“You need to come up with unique solutions to the current problems in logistics.”
Some 30 years ago there was a big push in the supply chain and logistics industry to outsource just about everything, recalls Sudarshan Bahl who has been in the industry long enough to see it evolve and trend back again.
“Now we’re talking about bringing some of it back.”
Bahl, who teaches Logistics and Transportation Management, which starts Saturday, March 16 and other courses in the new Procurement and Supply Chain Management certificate program, observes the industry becoming more cautious about expanding outsourcing operations.
Rising outsourcing costs
“It has become less effective to manage it oversees,” he says noting rising labor costs in China and other obstacles, such as intellectual property infringement, tariffs, and the changing political landscape.
“People will be looking to new, less expensive markets—whether that’s Africa, South America, or any other under developed region in the world. It will mean a change in how logistics specialists select, monitor, and manage global suppliers and their performance.”
Meanwhile technology is revolutionizing the industry. Logistics professionals have to find solutions for immediate transportation of goods. Online retailers have the burden to provide overnight and same-day service, as well as customer pick-up window. Robots are operating warehouses and transport via drone is becoming popular.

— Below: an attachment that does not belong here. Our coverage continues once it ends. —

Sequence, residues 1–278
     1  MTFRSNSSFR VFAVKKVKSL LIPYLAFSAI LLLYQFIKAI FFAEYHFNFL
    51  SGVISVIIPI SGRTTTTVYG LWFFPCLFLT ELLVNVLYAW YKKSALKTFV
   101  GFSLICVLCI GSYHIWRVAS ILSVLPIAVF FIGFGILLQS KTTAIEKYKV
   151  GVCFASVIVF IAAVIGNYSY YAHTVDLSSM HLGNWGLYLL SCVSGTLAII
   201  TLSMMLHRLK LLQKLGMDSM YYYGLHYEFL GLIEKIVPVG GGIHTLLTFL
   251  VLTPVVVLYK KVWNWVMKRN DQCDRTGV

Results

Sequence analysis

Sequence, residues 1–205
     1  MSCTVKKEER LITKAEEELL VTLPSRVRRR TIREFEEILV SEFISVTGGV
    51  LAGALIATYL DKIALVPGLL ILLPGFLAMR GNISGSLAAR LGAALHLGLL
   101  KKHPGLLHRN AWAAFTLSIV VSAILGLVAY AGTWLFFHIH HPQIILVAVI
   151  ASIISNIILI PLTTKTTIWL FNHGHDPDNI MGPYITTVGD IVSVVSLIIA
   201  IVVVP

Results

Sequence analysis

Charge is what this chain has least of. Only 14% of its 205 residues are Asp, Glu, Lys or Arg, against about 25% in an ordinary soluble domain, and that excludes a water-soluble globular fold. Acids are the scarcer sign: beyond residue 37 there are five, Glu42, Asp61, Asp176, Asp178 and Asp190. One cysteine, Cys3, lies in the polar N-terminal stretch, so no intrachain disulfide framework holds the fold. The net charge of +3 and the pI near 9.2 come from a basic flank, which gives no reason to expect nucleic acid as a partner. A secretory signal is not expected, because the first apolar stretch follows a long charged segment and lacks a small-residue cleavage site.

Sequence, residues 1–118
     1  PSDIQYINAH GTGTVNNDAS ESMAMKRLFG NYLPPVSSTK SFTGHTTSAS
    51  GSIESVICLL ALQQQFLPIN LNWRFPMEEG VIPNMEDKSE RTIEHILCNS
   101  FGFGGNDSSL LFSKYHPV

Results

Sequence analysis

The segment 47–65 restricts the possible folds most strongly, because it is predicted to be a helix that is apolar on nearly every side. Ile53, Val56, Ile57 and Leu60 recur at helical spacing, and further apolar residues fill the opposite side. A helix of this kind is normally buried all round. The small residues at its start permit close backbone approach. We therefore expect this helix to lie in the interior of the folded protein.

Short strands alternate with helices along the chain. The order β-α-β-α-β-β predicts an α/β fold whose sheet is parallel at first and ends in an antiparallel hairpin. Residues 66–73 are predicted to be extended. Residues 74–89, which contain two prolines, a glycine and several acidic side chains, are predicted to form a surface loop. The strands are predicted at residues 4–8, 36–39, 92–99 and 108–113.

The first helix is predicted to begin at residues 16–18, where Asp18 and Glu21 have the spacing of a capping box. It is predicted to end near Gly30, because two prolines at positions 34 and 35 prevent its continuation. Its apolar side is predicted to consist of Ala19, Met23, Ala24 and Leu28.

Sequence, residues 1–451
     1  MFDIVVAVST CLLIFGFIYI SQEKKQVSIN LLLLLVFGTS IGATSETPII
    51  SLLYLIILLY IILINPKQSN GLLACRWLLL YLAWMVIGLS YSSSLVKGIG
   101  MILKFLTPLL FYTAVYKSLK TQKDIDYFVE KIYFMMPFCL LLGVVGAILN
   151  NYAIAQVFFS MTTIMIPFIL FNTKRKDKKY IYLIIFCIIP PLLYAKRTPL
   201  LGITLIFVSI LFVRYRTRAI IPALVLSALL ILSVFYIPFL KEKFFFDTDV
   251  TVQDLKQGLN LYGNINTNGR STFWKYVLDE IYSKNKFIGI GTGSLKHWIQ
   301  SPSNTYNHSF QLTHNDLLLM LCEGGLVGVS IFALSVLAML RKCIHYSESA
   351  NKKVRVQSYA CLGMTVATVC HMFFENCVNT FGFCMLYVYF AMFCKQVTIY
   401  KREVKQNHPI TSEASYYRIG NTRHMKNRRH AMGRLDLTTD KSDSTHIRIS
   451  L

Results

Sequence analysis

Technology is critical, but it can solve one problem and create another. For example, lax regulations on the use of drones for transportation of goods can result in air traffic control problems.
Now that everybody with a driving license can potentially be in the transportation business, are Uber and Lyft effective choices to manage deliveries?
Collaborative problem solving
In the classroom, students in Bahl’s courses focus on current scenarios playing out in business boardrooms around the world. They work out the best solutions for different kinds of organizations.
“We’ll be using current theories and looking at historic and current approaches,” he says. “Today’s problems can’t be solved just by reading text or case studies. If you’re an entrepreneur, you need to come up with unique solutions to the current problems in logistics.”
About Sudarshan Bahl
SUDARSHAN BAHL, MBA, ME, M. Phil., M.S., a recognized expert in operations, supply chain management, customer care, quality, reliability, and Lean Six Sigma, has managed global quality, supply chain and engineering organizations for close to 30 years. He was senior vice president of Quality and Operational Excellence for several global Fortune 500 corporations. He also managed corporate sustainability, social and environmental responsibility initiatives. Bahl consulted with OEM, EMS and service companies in outsourcing, customer satisfaction, lean manufacturing, Six Sigma, compliance and operational excellence. Sudarshan is also a lead auditor for ISO 9001, ISO 13485, and ISO 14001 standards, has served as keynote speaker at industry and tech conferences, and taught widely. He serves on the advisory board of corporations and nonprofit organizations, is a member of the Board of Examiners of the Shingo Institute, and an assessor for the AME Manufacturing Excellence Award. He implemented processes for prestigious awards including the Malcolm Baldrige National Quality Award and the Shingo Prize for Operational Excellence. Also an entrepreneur, he has run successful consulting, health food, and sporting goods business. Bahl holds master’s degrees from Santa Clara University, University of Toronto, and from the Institute for Advanced Studies at Meerut University in India.
Here are Sudarshan Bahl’s upcoming courses:
Logistics and Transportation Management
Starts Saturday, March 16
Supply Chain Operations Management
Starts June 1, 2019
Managing Global Supply Chains
Starts May 4, 2019
Logistics and Transportation Management
Starts Aug. 3, 2019